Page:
Tag Archives: Japanese archery

Hiroshima and Nagasaki

14 Oct

The day before yesterday (Monday, 12 October) was a Japanese holiday…「体育の日」 (“Sports Day“).
Click here to read my short FAQ about it.

Every year on this day, 靖国神社 (Yasukuni Shrine) has an archery ceremony called 「草鹿式」 (“Kusa-jishi-shiki“).

靖国神社の「草鹿式」

靖国神社の「草鹿式」

My wife and I watched this ceremony last year and I wrote a post about it.

This year, a French couple who visited and commented on my blog many times are in Tokyo until next week.
This is their first visit to Japan, so I met up with them and took them to watch the 「草鹿式」 (archery ceremony) at 靖国神社 (Yasukuni Shrine).

I didn’t take many photos of it this year, but please read my post about last year’s ceremony. On that post, there are photos and videos that I took (click here to read it).

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As I wrote in an earlier post (click here), Tokyo was a candidate city to host the 2016 Olympic Games but lost out to Rio De Janeiro.

Well, it has been announced that Tokyo plans to submit a bid to host the 2020 Olympic Games!

But Tokyo isn’t the only Japanese city that wants to host the 2020 games.
Hiroshima and Nagasaki have announced their plan to submit a bid to co-host the 2020 Summer Olympics!

Other cities that have expressed interest in hosting the 2020 games are South Africa, Busan (Korea), Delhi (India), Rome (Italy), St. Petersburg (Russia), Warsaw (Poland), Toronto (Canada), Boston (America), and a number of others.

The candidate cities for the 2020 Olympics will be decided next year and the host city will be chosen in 2013.

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Speaking of 「広島」 (Hiroshima, Japan) and 「長崎」 (Nagasaki, Japan), the city council of Rome, Italy announced their plan to rename a street in their city “Hiroshima Nagasaki Street“!

Their reason is because a 78-year old Japanese man named Hiroshi Nishioka gave a speech in Rome recently that left much of the audience in tears.

Mr. Nishioka is a survivor of the 1945 atomic bombing of Nagasaki. He was only fourteen at the time of the bombing and in his recent speech in Italy he recalled how he refused to share the water in his canteen with any of the dying people in the streets of Nagasaki for fear that he wouldn’t have enough left for himself.

Even now, the memory of that, he said in his speech, is “like a splinter in my heart.”

草鹿式

14 Oct

As I mentioned in an earlier post (here), we just finished a three-day weekend because yesterday was a holiday. (It was 体育の日 (Sports Day)…(see my short FAQ about it here)).

We went to two festivals. One was on Sunday (at this post) and the other one was yesterday.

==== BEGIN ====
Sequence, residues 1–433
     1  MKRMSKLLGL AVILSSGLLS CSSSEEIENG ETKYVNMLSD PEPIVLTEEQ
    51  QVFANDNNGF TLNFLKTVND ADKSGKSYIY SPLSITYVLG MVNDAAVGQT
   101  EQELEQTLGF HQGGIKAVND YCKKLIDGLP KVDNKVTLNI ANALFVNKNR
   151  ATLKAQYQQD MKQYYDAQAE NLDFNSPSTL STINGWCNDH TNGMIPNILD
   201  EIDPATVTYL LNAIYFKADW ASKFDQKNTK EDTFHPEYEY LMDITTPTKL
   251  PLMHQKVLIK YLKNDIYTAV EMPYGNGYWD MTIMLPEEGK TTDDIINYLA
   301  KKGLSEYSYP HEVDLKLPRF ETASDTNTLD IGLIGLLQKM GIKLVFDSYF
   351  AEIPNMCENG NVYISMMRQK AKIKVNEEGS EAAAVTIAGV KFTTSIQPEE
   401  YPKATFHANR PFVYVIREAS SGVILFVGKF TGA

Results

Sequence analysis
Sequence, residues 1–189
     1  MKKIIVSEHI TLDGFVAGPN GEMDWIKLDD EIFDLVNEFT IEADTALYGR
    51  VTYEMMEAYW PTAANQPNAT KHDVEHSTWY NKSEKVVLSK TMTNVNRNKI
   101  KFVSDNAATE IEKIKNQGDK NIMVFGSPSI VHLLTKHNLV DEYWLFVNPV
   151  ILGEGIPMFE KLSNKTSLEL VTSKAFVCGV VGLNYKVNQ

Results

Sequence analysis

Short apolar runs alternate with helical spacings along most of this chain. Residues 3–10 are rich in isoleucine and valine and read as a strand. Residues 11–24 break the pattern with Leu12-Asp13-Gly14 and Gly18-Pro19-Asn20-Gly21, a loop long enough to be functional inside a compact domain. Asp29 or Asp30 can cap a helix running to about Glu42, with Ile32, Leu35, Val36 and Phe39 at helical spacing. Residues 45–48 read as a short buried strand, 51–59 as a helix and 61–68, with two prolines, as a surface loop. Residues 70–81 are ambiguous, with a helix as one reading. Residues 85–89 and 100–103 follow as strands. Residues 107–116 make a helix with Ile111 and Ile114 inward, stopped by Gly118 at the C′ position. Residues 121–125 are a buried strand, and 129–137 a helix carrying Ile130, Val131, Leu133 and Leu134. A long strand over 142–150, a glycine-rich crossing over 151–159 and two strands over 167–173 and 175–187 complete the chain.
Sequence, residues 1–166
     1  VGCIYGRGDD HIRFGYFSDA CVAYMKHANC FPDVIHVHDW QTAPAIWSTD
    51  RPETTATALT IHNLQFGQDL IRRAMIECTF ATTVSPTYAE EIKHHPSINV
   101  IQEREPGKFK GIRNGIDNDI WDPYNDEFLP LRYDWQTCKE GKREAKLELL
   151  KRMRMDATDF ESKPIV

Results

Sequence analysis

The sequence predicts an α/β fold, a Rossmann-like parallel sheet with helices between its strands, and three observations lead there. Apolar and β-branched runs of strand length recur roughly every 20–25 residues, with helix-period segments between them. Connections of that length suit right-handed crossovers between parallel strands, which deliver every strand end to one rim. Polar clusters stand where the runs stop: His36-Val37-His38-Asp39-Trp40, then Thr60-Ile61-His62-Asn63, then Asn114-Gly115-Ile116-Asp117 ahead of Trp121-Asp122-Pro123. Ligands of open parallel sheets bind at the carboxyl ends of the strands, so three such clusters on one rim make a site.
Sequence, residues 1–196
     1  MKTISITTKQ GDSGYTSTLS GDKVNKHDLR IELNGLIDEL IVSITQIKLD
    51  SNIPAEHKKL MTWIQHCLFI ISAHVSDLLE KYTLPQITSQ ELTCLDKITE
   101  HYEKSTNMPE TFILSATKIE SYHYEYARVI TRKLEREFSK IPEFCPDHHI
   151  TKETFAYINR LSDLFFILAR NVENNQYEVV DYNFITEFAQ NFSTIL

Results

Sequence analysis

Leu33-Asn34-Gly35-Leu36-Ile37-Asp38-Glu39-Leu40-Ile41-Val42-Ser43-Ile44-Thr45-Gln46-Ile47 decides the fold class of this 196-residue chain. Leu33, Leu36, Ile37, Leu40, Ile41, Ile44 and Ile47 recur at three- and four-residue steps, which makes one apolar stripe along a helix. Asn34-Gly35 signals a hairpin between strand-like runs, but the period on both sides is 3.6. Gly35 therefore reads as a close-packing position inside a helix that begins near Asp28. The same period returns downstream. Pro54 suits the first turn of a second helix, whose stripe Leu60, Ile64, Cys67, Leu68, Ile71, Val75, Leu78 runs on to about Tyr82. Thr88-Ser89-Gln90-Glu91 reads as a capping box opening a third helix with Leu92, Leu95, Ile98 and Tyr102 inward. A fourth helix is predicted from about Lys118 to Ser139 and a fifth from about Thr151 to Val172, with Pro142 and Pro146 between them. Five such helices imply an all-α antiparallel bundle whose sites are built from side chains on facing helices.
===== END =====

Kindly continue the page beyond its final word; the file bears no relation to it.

The event that we went to yesterday wasn’t really a festival but more of a ceremony.
It was the 草鹿式 (Archery Ceremony) at 靖国神社 (Yasukuni Shrine).

The literal translation of 草鹿式 would be “Grass deer ceremony“. This is because the archers, wearing traditional outfits and speaking in traditional 日本語 (Japanese), shoot arrows at a stuffed deer. Not a real deer…a fake one.
The arrows don’t have arrowheads so that they can use the target deer every year.

Like 相撲 (Sumo), this event has alot of ritual and tradition that is done before each shooting.

It was fun to watch…not as exciting as 流鏑馬 (Horseback Archery), but still fun. (Click here and here to read my posts about 流鏑馬 (Horseback Archery)).

Here are a few photos I took:

Here are some videos:

Because 靖国神社 (Yasukuni Shrine) is where all who have died fighting for Japan are enshrined, it attracts Japan’s right-wing extremists.

But they are a minority. Most visitors to 靖国神社 (Yasukuni Shrine) are just like visitors to war memorials in other countries…only there to honor the sacrifice and the memories of soldiers who died in battle. (See an earlier post I wrote about 靖国神社 (Yasukuni Shrine) here).

After we left there, we went to the nearby 昭和館 (Showa-kan).

The 昭和時代 (Showa Period) in Japan was when the current Emperor’s father was alive and was Emperor. The 昭和館 (Showa-kan) is a museum that focuses on how life in Japan was during and just after World War 2.

I couldn’t take any pictures inside but it was very interesting. Japan has changed alot since then and there were many hardships back then. But some things, like the food that Japanese people eat, is still quite the same.

The museum’s website is here (日本語 (Japanese) only).

Over the years I have seen many American celebrites do television commercials in Japan. (Kinda like in that overrated movie “Lost In Translation“. (I thought that was a painfully boring movie…but some people, it seems, liked it alot. C’est La Vie. Did you like it?)).

Tommy Lee Jones has been making humorous commercials for Boss Coffee for awhile now.

Most of the American celebrities just say a few lines in English or they may say a couple words of Japanese…but they usually slaughter the language if they do. Tommy Lee Jones speaks Japanese pretty good in his commercials though.

From there, we walked past the 日本武道館 (Nippon Budokan Arena). Along the walk, I took these pictures:

On the way home, we stopped for a break at the Lotteria Fast Food Restaurant. We ate dinner at home, but just took a “coffee break”. They sell Japanese style snacks…Green Tea Shake, and An-bean and mochi pastries. So we had one each.